Journey's: The Two Punjabs Connect In America
The gigantic neon sign hits you like a ton of bricks as you drive down 21st Street in Astoria, a Queens neighborhood that was solidly Greek two decades ago: “PUNJAB AUTO SHOP.” This is America, but the owner didn’t try to be accommodating by calling his garage American Auto Shop or even A-1 Auto Shop. Look at that bold, proud sign and you immediately think of swaying wheat fields, sarso da saag and makai di roti!
Yes, Punjab is in the blood of the Punjabis – no matter which side of the border they come from. The owner of Punjab Auto Shop is Abdul Hamid, a Pakistani American who hails from Gujjranwala in Punjab, Pakistan. The head mechanic, who oversees a team of 35 mechanics, is Param Pal, an Indian American from Jullundar in Punjab, India.
Together the two collaborate on making things right in the auto world: checking the heartbeats of ailing engines, listening to the cough of exhaust pipes and giving thousands of taxis their health inspections. If you’re an automobile and under the weather, this is the place to be. It’s open 24 hours a day, 7 days a week.
After the first Gulf War, Hamid who was a mechanic in Kuwait, left for New York. He came with just his skills and started a small garage on 39th Street nearly 15 years ago. Why did he call it Punjab Auto Shop? He’s surprised at the question. “I’m from Punjab. It’s a good name.” Although he admits his customers in those early days didn’t think so. “They would ask me, ‘What is Punja?'”
Those early days were tough with few clients. The area was rough and his garage was robbed several times. “Bahut intezar karna para,” he says recalling the lack of clients. “I used to spend the whole day waiting for customers.”
Obviously Hamid did something right, for today he owns the prime property the huge garage stands on, and four more garages, including three on the same street! He and his wife Naseem now live in upscale Whitestone, and his three children, Umar, Waqas and Sara, are all attending college. The American Dream in motion, one yellow taxi at a time!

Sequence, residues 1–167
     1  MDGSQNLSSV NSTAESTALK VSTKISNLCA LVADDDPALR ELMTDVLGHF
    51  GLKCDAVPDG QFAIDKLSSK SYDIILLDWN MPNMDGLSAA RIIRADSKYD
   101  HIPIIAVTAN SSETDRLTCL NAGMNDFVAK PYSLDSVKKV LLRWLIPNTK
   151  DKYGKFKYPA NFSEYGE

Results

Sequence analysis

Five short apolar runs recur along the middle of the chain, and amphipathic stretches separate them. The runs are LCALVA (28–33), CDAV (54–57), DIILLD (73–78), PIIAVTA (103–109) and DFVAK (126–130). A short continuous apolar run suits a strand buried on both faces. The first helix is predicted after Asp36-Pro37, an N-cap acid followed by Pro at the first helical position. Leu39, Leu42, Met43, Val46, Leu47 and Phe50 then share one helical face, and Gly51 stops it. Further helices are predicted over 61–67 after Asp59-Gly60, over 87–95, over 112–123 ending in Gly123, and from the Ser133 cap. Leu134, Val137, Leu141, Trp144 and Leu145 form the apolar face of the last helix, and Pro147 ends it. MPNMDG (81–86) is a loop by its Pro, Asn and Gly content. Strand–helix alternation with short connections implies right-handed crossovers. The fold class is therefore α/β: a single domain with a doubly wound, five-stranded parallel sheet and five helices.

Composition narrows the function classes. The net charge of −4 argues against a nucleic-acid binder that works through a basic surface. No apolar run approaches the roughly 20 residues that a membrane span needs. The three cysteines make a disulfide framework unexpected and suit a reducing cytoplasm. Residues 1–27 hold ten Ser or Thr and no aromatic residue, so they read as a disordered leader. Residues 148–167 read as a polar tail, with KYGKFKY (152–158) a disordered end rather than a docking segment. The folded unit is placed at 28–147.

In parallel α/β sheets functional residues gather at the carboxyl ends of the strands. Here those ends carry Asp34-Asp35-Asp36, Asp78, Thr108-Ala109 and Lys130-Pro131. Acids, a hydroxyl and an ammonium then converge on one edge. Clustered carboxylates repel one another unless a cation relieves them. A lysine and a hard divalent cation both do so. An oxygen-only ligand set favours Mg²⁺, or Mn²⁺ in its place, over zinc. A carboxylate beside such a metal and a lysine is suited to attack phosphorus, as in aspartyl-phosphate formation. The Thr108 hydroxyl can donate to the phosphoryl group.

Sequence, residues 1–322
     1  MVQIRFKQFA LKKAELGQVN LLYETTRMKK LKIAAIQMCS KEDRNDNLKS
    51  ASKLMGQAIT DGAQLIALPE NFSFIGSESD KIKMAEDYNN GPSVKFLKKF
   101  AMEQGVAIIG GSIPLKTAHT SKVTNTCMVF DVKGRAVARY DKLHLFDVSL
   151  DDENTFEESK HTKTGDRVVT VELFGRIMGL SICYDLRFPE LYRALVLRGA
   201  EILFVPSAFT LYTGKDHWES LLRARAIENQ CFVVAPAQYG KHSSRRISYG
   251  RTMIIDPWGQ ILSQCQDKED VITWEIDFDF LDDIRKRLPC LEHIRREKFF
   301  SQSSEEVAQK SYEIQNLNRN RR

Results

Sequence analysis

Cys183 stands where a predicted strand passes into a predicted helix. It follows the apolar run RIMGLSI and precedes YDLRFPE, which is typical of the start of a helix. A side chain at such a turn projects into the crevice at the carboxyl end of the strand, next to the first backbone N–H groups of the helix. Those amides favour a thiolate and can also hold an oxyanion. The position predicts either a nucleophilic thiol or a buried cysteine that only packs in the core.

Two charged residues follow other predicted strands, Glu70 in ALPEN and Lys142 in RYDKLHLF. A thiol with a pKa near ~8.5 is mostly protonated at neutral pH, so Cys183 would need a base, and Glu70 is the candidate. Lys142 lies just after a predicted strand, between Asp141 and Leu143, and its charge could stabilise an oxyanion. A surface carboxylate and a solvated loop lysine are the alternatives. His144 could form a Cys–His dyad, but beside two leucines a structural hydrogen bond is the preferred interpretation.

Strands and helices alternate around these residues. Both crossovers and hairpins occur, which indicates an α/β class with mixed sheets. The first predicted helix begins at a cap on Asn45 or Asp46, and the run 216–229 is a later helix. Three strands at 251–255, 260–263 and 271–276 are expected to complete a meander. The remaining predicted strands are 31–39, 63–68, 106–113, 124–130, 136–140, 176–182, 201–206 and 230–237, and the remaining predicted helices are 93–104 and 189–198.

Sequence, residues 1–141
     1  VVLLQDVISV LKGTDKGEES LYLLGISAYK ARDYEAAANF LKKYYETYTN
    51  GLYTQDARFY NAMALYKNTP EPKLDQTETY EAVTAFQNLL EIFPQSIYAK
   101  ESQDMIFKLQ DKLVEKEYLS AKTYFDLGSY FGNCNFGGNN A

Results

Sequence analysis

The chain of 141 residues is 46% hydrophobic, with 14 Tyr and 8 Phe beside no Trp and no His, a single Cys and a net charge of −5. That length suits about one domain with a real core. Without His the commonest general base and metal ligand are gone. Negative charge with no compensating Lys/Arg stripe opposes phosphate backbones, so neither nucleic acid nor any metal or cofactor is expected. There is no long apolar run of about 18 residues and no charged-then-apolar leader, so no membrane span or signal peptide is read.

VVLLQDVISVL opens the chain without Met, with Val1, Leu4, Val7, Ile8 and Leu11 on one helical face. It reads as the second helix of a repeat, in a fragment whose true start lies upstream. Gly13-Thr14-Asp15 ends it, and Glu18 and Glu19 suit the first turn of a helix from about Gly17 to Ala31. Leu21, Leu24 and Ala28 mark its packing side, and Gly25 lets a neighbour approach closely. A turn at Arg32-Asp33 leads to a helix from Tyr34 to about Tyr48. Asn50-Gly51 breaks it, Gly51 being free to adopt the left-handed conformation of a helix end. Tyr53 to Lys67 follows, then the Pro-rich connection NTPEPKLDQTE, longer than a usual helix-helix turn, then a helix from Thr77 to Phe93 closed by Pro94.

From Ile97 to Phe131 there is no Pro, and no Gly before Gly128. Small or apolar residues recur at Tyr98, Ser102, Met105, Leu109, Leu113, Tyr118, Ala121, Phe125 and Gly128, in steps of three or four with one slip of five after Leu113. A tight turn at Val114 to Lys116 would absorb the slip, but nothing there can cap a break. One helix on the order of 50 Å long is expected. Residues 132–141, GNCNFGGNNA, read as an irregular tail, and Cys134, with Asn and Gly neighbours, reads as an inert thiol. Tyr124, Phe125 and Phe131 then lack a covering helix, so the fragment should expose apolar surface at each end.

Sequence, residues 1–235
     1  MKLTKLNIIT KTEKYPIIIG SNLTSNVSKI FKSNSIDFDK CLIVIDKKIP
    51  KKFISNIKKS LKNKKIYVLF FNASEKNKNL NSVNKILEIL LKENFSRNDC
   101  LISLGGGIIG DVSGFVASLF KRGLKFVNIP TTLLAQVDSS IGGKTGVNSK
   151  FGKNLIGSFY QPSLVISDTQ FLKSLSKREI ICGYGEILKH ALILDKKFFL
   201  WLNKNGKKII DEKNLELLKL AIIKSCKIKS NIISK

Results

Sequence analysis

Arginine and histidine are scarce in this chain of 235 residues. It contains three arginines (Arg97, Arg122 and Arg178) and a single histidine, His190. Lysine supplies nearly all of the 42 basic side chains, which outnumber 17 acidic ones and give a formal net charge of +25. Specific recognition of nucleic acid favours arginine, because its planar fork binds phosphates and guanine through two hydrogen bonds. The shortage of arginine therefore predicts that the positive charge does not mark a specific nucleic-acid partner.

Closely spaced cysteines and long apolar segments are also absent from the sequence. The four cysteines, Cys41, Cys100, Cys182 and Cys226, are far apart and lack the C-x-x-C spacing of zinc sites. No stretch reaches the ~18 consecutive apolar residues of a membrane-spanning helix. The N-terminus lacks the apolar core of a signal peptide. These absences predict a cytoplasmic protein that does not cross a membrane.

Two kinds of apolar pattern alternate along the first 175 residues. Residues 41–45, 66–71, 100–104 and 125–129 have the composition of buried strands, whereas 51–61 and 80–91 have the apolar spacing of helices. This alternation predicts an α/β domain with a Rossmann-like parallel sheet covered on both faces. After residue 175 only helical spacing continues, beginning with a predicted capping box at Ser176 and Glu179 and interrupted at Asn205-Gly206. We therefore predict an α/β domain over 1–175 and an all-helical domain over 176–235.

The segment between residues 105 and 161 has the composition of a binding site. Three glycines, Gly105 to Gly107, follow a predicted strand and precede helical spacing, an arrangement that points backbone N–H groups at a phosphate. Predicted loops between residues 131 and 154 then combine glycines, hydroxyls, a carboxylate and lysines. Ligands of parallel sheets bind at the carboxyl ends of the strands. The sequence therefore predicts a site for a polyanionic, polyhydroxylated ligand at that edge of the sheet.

In the meantime Astoria itself has changed. It has attracted a large South Asian population and the street is packed with halal stores and desi restaurants.
Indeed, the garage is at a prime location – between the city and the airport – and taxi drivers drop in all the time. Hamid has expanded his clientele by offering cutting edge technology, investing in computerized equipment and a $200,000 spray booth that can accommodate 12 cars at a time.
Walk into the cavernous garage and you see hundreds of tires piled high on the ceiling, and mechanics tending to cars. Param Pal, the man from the other Punjab, is busy at work here, checking the underbelly of a red sedan hoisted high on a hydraulic lift. He is striking looking, a tall, strapping bearded Jat who could well be in a Bollywood movie! How did he land up in America?
He shrugs: “Aise hi agaya, ghumte phirte!” (I just came, wandering around). Pal, who’s been in New York for ten years, was a mechanic in the Indian army. He’s vague about how he got here, giving an answer you can’t dispute: “God laya, main agaya.” (God brought me, I came.”)
He liked New York and stayed. Gradually he got his own garage, which was doing well. One day the auto lift collapsed while he was under it, and he landed up in hospital for a year. He had to give up the garage and joined the Punjab Auto Shop as their chief mechanic. “Hum Khush hai idhar” (I am happy here.) He likes his job fine, is married and home is right there in Astoria for him.
“Yaad to aathi hai – kya kar sakte hai?” (Of course one remembers – but what can one do?”)